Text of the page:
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Vol. 6, No. 3 / March 2007

In “Antipsychotics for patients without psychosis?” (Current Psychiatry, December 2006) Drs. Fabien Trémeau and Leslie Citrome discuss use of second-generation antipsychotics (SGAs) for nonpsychotic illnesses. We would like to address another area of successful clinical antipsychotic use that is not supported by well-designed studies.

Delirium is a neuropsychiatric disorder of abrupt onset and fluctuating course, with disturbances in consciousness, attention, cognition, and perception. The prevalence of psychotic symptoms ranges from 3% to 67.9% in delirium patients; these symptoms are less likely to be seen in the hypoactive subtype.1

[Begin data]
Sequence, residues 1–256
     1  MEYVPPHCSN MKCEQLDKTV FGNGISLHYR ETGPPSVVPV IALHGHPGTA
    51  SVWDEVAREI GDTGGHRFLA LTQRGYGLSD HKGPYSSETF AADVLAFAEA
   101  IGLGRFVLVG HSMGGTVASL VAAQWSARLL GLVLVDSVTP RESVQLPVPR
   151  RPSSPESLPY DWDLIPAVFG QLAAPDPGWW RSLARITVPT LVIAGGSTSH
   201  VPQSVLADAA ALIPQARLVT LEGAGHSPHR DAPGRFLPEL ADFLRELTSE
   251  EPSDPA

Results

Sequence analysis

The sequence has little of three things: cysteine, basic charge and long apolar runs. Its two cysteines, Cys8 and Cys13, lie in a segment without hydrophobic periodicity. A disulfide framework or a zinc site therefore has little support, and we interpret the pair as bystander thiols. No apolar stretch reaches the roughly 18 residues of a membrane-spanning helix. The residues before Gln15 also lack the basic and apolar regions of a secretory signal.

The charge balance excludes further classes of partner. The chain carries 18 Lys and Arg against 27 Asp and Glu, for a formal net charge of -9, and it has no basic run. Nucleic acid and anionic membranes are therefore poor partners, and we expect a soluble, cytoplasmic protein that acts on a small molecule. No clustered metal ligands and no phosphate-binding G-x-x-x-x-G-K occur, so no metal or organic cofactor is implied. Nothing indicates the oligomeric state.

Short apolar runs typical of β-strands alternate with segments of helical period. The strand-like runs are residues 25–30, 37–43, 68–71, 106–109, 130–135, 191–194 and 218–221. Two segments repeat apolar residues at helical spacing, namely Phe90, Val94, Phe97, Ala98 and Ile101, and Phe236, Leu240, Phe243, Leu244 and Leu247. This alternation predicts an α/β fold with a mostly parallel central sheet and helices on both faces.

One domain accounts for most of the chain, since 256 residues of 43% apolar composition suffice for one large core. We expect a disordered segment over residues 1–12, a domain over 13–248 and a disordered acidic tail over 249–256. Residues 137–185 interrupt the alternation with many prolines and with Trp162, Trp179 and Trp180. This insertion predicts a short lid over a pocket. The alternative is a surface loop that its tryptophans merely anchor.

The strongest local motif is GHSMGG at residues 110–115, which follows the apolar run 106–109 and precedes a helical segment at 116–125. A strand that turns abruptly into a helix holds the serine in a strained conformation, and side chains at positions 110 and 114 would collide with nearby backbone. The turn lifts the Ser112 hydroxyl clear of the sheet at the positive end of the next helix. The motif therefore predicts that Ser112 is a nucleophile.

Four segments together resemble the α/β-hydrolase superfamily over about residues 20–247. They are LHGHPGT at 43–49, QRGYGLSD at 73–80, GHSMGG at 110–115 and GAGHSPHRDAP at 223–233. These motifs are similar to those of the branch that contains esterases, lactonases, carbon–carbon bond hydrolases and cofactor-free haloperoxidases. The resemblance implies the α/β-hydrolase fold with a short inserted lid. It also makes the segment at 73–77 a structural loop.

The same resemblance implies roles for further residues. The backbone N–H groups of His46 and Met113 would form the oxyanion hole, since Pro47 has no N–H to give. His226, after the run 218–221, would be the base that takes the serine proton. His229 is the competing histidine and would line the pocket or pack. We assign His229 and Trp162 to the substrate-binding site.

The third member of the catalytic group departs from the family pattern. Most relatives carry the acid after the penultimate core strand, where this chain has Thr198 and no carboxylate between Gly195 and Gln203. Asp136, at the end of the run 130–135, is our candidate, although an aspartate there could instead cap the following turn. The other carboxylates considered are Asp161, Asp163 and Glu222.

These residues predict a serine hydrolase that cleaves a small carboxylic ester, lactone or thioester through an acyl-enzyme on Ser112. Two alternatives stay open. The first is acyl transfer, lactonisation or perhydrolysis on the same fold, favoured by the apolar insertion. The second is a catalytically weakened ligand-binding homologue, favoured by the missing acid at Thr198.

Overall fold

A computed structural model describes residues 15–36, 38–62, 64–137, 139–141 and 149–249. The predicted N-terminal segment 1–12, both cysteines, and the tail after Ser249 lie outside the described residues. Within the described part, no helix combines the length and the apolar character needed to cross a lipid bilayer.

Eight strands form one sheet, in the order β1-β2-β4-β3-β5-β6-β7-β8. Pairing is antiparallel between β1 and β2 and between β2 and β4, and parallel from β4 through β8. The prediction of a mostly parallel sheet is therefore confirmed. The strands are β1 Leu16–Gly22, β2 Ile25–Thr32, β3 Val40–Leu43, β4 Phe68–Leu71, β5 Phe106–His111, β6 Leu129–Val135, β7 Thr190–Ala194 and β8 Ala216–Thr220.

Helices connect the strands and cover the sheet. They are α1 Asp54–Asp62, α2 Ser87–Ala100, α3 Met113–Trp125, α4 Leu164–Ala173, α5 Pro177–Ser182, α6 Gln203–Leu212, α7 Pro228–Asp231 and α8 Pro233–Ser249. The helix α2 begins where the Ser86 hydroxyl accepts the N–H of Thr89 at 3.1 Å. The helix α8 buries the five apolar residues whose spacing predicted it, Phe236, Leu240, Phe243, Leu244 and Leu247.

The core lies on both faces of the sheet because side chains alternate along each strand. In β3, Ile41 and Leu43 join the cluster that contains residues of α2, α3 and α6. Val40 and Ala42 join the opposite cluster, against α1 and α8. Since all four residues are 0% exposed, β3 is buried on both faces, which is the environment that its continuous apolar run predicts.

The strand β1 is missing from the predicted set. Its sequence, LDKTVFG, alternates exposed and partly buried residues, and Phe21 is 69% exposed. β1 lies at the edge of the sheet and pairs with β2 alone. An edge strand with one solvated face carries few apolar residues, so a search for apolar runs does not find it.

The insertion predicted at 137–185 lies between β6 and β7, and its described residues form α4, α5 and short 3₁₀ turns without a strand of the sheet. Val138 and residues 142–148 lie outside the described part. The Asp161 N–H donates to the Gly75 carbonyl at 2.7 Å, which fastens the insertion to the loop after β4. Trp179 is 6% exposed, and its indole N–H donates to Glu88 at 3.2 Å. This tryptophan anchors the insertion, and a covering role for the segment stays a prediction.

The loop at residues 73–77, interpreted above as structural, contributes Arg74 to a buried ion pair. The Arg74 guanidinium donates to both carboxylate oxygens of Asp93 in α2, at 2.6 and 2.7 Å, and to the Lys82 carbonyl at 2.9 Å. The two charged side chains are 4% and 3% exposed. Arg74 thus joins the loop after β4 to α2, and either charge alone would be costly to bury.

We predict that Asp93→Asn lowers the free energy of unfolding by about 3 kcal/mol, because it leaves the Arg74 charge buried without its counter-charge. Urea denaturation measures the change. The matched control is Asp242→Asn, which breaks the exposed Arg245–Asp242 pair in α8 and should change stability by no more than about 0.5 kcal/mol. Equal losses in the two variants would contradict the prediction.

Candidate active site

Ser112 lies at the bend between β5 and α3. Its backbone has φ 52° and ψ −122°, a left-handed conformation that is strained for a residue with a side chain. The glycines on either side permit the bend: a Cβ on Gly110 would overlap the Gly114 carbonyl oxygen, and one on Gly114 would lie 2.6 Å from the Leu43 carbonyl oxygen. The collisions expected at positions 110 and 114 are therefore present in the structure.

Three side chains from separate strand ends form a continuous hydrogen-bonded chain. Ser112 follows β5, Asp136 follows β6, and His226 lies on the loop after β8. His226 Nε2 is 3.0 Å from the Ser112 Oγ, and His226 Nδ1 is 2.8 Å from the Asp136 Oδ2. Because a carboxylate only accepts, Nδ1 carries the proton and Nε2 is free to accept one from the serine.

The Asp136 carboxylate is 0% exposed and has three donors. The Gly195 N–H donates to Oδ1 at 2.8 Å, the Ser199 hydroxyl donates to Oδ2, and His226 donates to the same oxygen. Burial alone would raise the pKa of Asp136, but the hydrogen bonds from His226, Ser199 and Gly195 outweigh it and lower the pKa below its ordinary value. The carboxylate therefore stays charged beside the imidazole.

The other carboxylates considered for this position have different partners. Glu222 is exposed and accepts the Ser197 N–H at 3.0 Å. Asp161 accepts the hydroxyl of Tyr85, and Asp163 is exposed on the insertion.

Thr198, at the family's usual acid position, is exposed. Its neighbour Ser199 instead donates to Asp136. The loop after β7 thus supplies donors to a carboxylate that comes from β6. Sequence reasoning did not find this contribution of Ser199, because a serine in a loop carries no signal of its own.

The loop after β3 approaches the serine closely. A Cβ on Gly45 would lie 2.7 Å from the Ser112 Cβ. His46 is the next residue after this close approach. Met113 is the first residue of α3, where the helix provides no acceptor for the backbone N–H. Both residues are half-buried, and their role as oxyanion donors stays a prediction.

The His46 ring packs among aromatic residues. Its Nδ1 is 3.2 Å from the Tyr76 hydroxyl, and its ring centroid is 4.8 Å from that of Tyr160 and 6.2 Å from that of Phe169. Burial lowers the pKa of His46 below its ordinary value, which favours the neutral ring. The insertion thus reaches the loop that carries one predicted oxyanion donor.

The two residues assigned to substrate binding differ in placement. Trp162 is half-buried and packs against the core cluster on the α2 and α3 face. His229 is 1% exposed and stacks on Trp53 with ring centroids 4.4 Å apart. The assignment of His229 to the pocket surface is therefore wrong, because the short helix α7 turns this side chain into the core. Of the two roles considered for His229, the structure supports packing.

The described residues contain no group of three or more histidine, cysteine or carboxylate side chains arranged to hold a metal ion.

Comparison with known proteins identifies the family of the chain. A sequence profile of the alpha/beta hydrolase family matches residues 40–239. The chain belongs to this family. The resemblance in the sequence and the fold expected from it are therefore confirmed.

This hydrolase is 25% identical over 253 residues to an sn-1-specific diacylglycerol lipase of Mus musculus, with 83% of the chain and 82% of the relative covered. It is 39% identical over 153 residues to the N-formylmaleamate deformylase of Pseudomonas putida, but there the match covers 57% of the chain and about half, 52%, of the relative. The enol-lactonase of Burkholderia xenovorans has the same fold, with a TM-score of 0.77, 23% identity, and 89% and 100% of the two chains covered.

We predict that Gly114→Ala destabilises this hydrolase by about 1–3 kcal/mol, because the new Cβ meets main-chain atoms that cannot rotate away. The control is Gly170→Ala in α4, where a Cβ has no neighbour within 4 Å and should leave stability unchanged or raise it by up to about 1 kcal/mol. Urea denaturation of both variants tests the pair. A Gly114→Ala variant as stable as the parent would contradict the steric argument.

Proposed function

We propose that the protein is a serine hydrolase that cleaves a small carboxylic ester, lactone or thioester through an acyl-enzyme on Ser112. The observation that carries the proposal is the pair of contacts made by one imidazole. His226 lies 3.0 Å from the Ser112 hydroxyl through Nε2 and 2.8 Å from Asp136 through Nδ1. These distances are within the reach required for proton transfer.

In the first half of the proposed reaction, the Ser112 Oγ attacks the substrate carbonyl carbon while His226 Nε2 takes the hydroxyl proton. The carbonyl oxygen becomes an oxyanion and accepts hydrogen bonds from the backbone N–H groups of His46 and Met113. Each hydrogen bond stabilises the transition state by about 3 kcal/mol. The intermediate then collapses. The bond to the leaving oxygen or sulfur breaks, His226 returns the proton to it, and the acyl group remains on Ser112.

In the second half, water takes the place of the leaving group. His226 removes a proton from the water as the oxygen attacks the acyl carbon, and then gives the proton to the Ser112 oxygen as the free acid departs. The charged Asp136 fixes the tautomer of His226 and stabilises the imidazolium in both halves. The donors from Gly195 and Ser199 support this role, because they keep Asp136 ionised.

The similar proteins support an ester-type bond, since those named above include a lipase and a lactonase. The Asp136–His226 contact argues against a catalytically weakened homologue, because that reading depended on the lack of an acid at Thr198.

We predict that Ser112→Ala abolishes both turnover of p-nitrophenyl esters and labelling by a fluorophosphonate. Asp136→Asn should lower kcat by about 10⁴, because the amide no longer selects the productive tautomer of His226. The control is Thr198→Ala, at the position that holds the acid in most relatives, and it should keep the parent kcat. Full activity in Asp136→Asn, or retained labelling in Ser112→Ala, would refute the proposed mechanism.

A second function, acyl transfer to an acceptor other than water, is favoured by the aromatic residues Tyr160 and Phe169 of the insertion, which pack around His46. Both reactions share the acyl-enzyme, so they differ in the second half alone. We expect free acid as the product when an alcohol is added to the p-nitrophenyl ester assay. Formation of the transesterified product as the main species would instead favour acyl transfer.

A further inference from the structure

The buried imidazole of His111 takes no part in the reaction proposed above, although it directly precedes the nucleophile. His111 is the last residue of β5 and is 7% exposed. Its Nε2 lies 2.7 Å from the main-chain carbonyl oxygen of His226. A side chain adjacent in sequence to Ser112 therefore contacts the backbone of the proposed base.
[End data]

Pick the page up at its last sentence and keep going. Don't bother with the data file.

Antipsychotics are widely used to treat delirium presenting with or without psychotic symptoms, despite lack of FDA approval for this indication. Studies on use of SGAs for delirium are limited to case reports, retrospective studies, and open-label trials2—none of which differentiate between delirium subtypes and phenomenology.

Double-blind, randomized studies are needed to assess the efficacy and safety of SGAs in delirium and assist the clinician’s evidence-based decision making.

Yesne Alici Evcimen, MD
William S. Breitbart, MD
Department of psychiatry and behavioral sciences
Memorial Sloan-Kettering Cancer Center
New York


1. Webster R, Holroyd S. Prevalence of psychotic symptoms in delirium. Psychosomatics 2000;41:519-22.

2. Boettger S, Breitbart W. Atypical antipsychotics in the management of delirium: a review of the empirical literature. Palliat Support Care 2005;3:227-38.

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